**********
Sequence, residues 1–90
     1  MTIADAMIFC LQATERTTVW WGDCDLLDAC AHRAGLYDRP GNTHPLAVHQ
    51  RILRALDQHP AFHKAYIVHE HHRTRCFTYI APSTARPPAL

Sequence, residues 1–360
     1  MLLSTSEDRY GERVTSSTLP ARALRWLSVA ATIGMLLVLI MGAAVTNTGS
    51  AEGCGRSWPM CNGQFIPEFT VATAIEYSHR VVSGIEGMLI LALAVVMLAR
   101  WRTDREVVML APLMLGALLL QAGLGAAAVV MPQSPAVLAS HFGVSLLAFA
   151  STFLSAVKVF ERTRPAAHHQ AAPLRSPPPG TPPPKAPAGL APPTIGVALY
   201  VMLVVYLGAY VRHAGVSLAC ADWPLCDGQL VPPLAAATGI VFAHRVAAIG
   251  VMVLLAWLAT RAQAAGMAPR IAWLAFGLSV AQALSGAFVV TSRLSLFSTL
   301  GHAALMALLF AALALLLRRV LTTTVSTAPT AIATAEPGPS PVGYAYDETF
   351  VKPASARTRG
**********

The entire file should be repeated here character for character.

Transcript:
Sequence, residues 1–90
     1  MTIADAMIFC LQATERTTVW WGDCDLLDAC AHRAGLYDRP GNTHPLAVHQ
    51  RILRALDQHP AFHKAYIVHE HHRTRCFTYI APSTARPPAL

Sequence, residues 1–360
     1  MLLSTSEDRY GERVTSSTLP ARALRWLSVA ATIGMLLVLI MGAAVTNTGS
    51  AEGCGRSWPM CNGQFIPEFT VATAIEYSHR VVSGIEGMLI LALAVVMLAR
   101  WRTDREVVML APLMLGALLL QAGLGAAAVV MPQSPAVLAS HFGVSLLAFA
   151  STFLSAVKVF ERTRPAAHHQ AAPLRSPPPG TPPPKAPAGL APPTIGVALY
   201  VMLVVYLGAY VRHAGVSLAC ADWPLCDGQL VPPLAAATGI VFAHRVAAIG
   251  VMVLLAWLAT RAQAAGMAPR IAWLAFGLSV AQALSGAFVV TSRLSLFSTL
   301  GHAALMALLF AALALLLRRV LTTTVSTAPT AIATAEPGPS PVGYAYDETF
   351  VKPASARTRG